Suppose I want communicate - Express in writing
Like if someone has solved a question but he hasn't given explanation
So I could ask him to express more in writing
Is there a good word for this ?

verbalize is one such word, but it is used for spoken sentence, not for written ones

  • Is the context that someone has solved a maths question?
    – James K
    Mar 4, 2021 at 8:40
  • little confused over the context intended to be delivered here. Mar 4, 2021 at 9:22
  • In AmE, the usual phrase used is, "Show your work." Mar 4, 2021 at 18:54

2 Answers 2


According to dictionary.com

Word (verb: used with object) - to express in words; select words to express; phrase. Example - to word a contract with great care.


Demonstrate (verb: used with object) - to describe, explain, or illustrate by examples, specimens, experiments, or the like. Example - to demonstrate the force of gravity by dropping an object.

The former one will be appropriate in the context, when a person is asked to write his/her explanation or to give in written what he/she claims to be knowing.

The latter one, however, will be more appropriate in the cases, when a person in asked to physically show his/her verbal or written works.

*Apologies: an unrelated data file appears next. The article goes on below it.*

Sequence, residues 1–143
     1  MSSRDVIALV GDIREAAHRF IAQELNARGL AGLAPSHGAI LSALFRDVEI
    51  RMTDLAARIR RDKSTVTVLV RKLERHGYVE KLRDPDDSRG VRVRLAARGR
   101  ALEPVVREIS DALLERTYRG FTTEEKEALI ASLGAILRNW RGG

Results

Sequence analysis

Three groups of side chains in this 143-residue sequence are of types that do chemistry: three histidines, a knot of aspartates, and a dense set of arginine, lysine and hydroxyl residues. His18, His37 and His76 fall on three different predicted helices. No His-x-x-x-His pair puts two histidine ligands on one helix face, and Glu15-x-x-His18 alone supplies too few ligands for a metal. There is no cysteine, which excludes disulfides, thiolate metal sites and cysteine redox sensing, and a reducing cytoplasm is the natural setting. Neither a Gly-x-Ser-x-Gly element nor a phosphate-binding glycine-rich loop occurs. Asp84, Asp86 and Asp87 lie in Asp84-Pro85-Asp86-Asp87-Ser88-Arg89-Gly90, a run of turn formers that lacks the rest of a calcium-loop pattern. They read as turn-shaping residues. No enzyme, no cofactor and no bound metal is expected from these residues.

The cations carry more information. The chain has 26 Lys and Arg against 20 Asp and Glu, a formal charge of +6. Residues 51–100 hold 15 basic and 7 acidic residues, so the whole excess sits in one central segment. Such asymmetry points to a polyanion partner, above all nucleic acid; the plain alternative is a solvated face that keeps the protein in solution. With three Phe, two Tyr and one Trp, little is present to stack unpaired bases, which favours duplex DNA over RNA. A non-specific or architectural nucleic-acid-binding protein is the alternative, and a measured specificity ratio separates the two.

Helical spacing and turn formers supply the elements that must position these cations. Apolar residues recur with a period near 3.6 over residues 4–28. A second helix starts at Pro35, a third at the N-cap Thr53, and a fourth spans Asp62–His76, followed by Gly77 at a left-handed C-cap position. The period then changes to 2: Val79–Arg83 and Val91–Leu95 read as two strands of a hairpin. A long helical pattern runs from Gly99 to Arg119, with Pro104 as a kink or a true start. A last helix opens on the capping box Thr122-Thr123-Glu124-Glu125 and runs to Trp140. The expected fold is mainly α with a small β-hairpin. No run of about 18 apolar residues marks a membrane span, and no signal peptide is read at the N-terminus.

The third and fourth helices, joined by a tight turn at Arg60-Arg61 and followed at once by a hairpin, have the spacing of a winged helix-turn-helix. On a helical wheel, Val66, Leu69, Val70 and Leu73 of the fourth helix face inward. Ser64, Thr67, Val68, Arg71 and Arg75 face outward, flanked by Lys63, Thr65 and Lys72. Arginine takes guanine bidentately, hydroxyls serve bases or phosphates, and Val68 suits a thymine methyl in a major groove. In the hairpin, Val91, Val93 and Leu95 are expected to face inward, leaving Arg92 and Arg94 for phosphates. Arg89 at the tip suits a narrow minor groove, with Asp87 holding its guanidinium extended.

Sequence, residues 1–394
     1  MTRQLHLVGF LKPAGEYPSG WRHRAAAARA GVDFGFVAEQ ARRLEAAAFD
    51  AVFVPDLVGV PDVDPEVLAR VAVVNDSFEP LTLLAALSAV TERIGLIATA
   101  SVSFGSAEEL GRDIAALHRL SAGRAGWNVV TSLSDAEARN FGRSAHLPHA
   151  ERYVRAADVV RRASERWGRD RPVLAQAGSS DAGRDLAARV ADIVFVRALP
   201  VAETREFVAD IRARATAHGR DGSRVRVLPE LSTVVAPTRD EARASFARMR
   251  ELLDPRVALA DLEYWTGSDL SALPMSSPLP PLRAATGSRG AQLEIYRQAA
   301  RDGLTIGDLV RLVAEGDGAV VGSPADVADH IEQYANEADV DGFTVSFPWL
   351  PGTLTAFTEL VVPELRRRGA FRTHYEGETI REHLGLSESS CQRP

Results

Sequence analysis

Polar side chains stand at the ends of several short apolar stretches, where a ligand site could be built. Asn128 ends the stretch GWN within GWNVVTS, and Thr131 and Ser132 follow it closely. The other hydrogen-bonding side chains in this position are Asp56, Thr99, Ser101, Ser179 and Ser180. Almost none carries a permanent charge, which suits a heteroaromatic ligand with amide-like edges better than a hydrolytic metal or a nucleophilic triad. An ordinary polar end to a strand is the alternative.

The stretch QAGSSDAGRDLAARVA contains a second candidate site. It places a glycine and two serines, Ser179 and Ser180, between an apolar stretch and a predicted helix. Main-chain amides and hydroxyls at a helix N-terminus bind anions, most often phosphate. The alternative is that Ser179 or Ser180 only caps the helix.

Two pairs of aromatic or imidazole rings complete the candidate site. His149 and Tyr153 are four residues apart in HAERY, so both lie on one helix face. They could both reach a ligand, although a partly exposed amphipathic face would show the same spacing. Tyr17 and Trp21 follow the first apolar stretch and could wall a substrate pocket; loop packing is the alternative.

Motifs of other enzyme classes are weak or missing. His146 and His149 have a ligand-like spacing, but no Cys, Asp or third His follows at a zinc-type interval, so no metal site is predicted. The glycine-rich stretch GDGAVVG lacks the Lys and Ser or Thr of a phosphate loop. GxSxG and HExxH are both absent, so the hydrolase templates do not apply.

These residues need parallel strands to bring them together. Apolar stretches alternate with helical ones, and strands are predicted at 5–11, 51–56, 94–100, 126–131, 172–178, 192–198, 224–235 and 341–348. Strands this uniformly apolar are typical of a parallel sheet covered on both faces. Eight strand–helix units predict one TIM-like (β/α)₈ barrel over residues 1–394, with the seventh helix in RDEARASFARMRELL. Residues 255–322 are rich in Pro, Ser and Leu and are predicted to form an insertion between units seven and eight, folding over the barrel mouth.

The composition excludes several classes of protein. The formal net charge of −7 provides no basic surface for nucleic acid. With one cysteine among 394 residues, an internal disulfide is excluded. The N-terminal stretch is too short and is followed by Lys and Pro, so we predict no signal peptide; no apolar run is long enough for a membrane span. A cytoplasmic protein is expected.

• If I say verbalize it. Does that mean speak it up or verbalize is also used in the context of writing up also. Mar 6, 2021 at 10:03
  • @Amitwadhwa I am pretty sure it isn't appropriate to use 'verbalize it' as a phrase to ask a person to write his/her work on paper, even though using 'word it' for the same isn't a common practice either(never heard anyone say that to me) it's the only phrase on dictionary.com that fits perfect into the context. Mar 6, 2021 at 14:46
  • Thanks. I got that part. But consider the word Demonstrate is that appropriate? Because the student as per him has already demonstrated a solution to a maths problem. But it's incomplete from teacher's point of view. Also I just saw merriam-webster.com/dictionary/verbalize . On this it mentions the meaning of verbalize as to speak or write verbosely. Probably it's used very less in the context of writing up. Mar 7, 2021 at 11:12

The classic phrase for this, in British English at least, is "show your working" when referring to a maths or engineering type question.

If this was an essay type question, then I would say "needs further explanation".

  • In questions related to maths. Sometimes students write one equation after the other mathematically. And the solution just looks like a set of lines one followed by other. So in this case it feels needs further explanation seems appropriate. Mar 6, 2021 at 10:05

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